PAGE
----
160616 – Jacketed

Not sleeping well, I starting moving about by 6:30 am. We left for the train station by 7:30 am and arrived before 8:00 am. Sam got to experience my neurotic rambling as I stressed. Almost as we walked in to the train station, someone walked up to ask if they could assist in fluent English. We pointed to the display, and said we were meeting friends on the 8:31 am train. She told us that train had been canceled, and that anyone on that train would be arriving by bus. The worst of my fears – my jacket  now wandering the Camino. We called back to the albergue, but according to Vince the German ycouple had left for the train, and should be on the way. They had yet to discover their own disappointment. They did have my phone number, but they hadn’t called. What was happening?

I should have gone back on the train last night.

Sam headed over to the ALSA bus station nearby in case they showed up there. I went back to the person providing information in the train station to see if I could get  more information. I was told the bus would be a special bus for the rail line, and would arrive directly at the train station at one of two different places, which would be known later. So, over to the bus station to get Sam. We moved back to the train station, watching for a bus to arrive. Attempting to get more information about the potential arrival location of the bus, someone told us the first person was wrong. The train had been cancelled because of a rail strike. They planned no bus. The follow-on trail at 2:45 pm might or might not be canceled.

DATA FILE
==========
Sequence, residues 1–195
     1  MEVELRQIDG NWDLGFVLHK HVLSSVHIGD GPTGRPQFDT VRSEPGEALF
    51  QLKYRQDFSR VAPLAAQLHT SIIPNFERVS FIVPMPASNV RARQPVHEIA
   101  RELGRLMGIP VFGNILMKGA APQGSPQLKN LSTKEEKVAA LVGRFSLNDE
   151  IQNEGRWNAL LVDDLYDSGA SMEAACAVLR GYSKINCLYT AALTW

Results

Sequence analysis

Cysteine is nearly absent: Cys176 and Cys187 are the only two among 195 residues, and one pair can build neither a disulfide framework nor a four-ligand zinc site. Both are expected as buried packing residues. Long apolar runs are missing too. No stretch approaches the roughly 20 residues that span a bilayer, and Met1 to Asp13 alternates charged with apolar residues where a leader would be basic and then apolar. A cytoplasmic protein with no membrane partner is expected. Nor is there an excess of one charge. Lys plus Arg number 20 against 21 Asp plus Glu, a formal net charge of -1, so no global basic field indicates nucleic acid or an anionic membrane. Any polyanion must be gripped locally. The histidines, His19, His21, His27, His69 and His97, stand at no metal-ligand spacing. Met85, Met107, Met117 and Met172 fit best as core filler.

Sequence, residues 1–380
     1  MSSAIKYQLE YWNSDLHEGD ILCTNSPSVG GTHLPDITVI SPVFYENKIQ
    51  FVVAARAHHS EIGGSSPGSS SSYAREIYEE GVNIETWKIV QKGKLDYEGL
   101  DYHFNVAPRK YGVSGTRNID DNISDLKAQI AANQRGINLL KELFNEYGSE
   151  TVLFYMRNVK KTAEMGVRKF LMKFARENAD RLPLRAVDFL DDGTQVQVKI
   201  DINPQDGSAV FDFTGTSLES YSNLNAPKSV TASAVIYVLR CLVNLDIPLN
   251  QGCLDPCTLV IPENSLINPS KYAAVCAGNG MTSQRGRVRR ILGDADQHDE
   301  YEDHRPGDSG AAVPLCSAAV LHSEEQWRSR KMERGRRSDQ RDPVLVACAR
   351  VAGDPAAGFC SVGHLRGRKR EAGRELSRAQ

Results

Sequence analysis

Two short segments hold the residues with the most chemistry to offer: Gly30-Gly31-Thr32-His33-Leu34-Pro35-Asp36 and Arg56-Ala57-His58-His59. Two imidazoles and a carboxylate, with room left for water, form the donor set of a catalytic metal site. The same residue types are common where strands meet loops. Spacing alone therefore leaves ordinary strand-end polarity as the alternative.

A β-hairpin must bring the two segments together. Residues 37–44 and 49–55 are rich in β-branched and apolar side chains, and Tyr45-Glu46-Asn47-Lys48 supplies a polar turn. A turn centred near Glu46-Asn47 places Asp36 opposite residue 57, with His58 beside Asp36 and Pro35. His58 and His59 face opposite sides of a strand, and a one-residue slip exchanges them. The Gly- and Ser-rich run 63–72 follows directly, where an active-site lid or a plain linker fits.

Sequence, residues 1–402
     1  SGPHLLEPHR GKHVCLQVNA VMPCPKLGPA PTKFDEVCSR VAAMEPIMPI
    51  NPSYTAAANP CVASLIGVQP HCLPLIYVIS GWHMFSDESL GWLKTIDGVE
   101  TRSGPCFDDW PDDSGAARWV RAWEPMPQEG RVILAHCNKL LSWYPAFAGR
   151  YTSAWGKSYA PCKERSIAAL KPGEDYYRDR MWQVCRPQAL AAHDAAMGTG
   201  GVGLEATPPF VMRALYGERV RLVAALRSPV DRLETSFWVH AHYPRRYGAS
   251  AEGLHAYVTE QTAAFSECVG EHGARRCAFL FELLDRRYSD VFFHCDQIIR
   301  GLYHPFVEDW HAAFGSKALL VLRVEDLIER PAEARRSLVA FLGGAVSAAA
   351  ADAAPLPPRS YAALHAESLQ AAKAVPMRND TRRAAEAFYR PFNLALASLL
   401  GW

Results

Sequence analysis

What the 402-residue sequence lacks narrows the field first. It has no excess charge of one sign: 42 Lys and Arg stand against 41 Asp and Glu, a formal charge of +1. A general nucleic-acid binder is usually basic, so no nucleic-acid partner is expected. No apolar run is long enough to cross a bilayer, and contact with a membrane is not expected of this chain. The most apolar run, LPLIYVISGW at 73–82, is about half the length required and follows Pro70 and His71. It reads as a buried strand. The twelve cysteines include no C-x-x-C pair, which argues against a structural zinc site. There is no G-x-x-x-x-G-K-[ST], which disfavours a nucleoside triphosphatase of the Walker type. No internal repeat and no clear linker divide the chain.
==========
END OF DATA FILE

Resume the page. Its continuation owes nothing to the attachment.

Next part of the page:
Last night Sam and I had performed a detailed analysis of the transit schedules between the two cities. After some discussion betwixt Sam and I,  we decided the German couple likely would take the standard bus to Leon. They had about an hour before the bus would leave, so we could try to catch them at the bus station. At that point (about 8:45 am) my phone rang – Vince from the hostel. Vince said he had considered sending my jacket along with a German cyclist planning on cycling to Leon, but that would be slower. However, the the German couple had returned the the alburgue, and booked a taxi to Leon along with another Spanish traveler. They would meet us at the train station in Leon in about a half hour. They would be traveling in a white Mercedes Ford taxi.

Sam noticed a white taxi pull in, with only the driver. A second white taxi pulled in soon thereafter.

Great, all the taxis are white.

We watched and waited. As the potential time approached, we moved outside into the biting wind.

I need a jacket.

At almost exactly 30 minutes a taxi pulled up in front of the trian station with only a driver, but holding my jacket. I rushed up, he handed it to me, wished me well, and sped off.

We, again, have the package.

Sam and I headed back to the hostel. From our detailed weather research, we planned to wait at the hostel until 11:00 am (checkout), only to then wait in the attic with our bicycles until after the rain between 12 noon and 1:00 pm before heading out.